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Courtesy One Yellow Rabbit

One Yellow Rabbit lets Jack Falstaff live his final hour

By Rachel Woodward, November 1 2016 —

Sir John Falstaff is a larger-than-life fictional character who made appearances in four Shakespearean plays. His character in Henry IV and The Merry Wives of Windsor is loud and indulgent. While his off-stage death in Henry V left little to the imagination, Canadian playwright John Murrell decided that audiences haven’t seen the last of Falstaff.

Fat Jack Falstaff’s Last Hour will run until Nov. 5 as the 2016–17 season opener for One Yellow Rabbit Theatre.

The world premiere of the play is directed by Blake Brooker and will tell the story of Falstaff’s last hour on earth at the Boar’s Head Inn, accompanied by the innkeeper and her husband.

“He’s a character that is sort of bigger than life. He’s a character who had outsized appetites for everything, including food, drink, mischief and friendship — all manner of things,” Brooker says. “This was the imaginary scene of his death.”

As the language stays true to Shakespearean times, Brooker worked to ensure that audiences can fully grasp the concepts without any prior training in the language.

“It’s a question of getting the language comprehensible to a contemporary audience, because it can be pretty opaque at times and we wanted to make it as transparent as possible and accessible,” he says. “That was one of the challenges and aspirations. It’s kind of retro in a sense of looking into the past, but it has a very contemporary sensibility about its comedy and playfulness.”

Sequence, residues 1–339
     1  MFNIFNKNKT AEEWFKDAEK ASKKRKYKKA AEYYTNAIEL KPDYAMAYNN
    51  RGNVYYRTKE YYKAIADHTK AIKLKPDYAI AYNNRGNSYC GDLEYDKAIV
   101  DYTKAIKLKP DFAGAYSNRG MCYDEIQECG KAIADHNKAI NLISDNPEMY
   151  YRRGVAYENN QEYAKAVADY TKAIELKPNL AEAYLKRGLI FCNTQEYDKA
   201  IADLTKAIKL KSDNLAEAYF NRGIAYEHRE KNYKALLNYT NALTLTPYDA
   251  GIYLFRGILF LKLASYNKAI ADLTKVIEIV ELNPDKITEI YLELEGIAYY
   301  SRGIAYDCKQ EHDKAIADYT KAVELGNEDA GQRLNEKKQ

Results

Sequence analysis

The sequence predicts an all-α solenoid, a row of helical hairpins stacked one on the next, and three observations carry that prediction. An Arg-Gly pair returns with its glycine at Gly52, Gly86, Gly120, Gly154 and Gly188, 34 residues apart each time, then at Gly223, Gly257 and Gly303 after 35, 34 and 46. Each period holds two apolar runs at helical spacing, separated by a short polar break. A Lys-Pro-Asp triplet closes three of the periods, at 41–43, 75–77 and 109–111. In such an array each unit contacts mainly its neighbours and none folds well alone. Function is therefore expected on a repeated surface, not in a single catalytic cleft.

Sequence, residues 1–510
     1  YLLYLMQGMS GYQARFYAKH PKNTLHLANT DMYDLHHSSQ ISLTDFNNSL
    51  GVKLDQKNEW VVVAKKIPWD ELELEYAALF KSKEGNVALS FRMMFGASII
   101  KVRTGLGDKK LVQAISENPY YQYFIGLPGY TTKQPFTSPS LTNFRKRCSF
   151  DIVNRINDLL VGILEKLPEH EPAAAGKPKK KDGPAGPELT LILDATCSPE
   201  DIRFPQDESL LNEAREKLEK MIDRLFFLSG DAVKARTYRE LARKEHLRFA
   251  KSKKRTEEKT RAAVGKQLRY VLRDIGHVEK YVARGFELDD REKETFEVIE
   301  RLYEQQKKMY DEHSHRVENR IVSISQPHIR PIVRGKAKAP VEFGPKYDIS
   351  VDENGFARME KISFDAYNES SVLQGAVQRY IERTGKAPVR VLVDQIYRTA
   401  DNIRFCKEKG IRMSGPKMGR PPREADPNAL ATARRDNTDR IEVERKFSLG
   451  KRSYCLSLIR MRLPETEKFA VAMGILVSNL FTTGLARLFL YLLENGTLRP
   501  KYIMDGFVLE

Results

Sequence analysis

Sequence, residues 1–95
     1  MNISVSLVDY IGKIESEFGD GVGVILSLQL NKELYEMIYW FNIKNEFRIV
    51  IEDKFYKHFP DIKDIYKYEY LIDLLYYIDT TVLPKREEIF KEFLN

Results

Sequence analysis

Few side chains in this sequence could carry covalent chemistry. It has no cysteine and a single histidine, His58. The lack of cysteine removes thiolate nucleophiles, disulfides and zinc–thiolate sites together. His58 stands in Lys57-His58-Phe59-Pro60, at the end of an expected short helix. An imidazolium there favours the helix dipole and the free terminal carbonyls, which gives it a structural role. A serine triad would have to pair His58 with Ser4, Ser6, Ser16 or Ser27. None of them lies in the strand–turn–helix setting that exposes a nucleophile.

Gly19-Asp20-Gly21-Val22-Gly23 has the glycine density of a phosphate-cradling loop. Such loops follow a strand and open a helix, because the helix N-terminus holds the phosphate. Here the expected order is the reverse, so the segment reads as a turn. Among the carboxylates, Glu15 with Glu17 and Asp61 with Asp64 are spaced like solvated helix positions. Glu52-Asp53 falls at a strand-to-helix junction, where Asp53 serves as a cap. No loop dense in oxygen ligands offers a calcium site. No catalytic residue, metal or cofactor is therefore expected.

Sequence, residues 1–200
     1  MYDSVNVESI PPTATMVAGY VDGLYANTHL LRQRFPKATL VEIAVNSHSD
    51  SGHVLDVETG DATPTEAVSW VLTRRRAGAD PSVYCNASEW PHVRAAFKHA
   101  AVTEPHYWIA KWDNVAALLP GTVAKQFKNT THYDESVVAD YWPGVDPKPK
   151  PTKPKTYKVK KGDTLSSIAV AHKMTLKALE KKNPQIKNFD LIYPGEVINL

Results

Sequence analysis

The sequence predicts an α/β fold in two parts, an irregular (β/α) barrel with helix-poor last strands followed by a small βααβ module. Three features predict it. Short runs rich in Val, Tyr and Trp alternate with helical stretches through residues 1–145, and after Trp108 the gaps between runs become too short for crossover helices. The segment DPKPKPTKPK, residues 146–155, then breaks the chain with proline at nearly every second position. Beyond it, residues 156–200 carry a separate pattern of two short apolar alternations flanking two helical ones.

Running just over an hour, the play  will attempt to recreate the last hour of Falstaff’s life as Murrell imagines it. Murrell’s work is critically acclaimed in Canada, and Fat Jack Falstaff’s Last Hour will be the third play that he has premiered with One Yellow Rabbit. The playwright is also known for his play Taking Shakespeare and Waiting for the Parade. The latter was recently revamped in Calgary by Handsome Alice Theatre 40 years after its premiere in 1977.

Brooker hopes that while audiences enjoy the humour of the story, there is also an element of education.

“It would be great if [audiences] take away that it is history of the U.K. You sort of see that people weren’t cavemen but had quite amazing vocabularies and had a way of communicating that was way more sophisticated than what we have with our — what seems to limited — vocabulary,” he says. “Although we have more ways to communicate than ever, we seem to be communicating in a very simplistic fashion.”

Fat Jack Falstoff’s Last Hour will play until Nov. 5 at the Big Secret Theatre at Arts Commons. Tickets are available online.

For more information, visit oyr.org

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